Section 252 – Accessing computer system without authorisation

Everyone is liable to imprisonment who intentionally accesses any computer system without authorisation, knowing that they are not authorised to access that computer system, or being reckless as to whether or not they are authorised to access that computer system.

Search and Surveillance Act 2012

Evidence of offending under the above sections of the Crimes Act may in certain circumstances, be only located in remote locations, commonly referred to as ‘the Cloud’.

Remote access is administered under the Search and Surveillance Act, which governs search warrants and surveillance device warrants. Specifically, every person executing a search warrant authorising a remote access search may use reasonable measures to gain access to the thing to be searched and if any intangible material in the thing is the subject of the search or may otherwise be lawfully seized, copy that material (including by means of previewing, cloning, or other forensic methods).

Expert Witnesses

In New Zealand Courts, Computer Crime matters will often require an expert witness to give evidence. Such experts are bound by Schedule 4 of the High Court Rules, ‘Code of Conduct for Expert Witnesses’. An expert has a duty to assist the court impartially on relevant matters within the expert’s area of expertise and is not an advocate for the party who engages the witness.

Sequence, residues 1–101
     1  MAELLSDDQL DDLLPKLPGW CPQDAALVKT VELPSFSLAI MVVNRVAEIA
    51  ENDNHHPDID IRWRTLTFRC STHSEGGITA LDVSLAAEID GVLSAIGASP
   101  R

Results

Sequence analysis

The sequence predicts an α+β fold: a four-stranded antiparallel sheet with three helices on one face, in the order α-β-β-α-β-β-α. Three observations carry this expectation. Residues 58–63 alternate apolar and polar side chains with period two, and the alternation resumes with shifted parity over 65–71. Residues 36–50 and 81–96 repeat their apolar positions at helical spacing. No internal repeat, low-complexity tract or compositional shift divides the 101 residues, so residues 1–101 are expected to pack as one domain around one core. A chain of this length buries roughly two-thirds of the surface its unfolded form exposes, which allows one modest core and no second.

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This Bulletin is prepared for general guidance and does not constitute formal advice. This information should not be relied on without obtaining specific formal advice. We do not make any representation as to the accuracy or completeness of the information contained within this Bulletin. Incident Response Solutions Limited does not accept any liability, responsibility or duty of care for any consequences of you or anyone else acting, or refraining to act, when relying on the information contained in this Bulletin or for any decision based on it.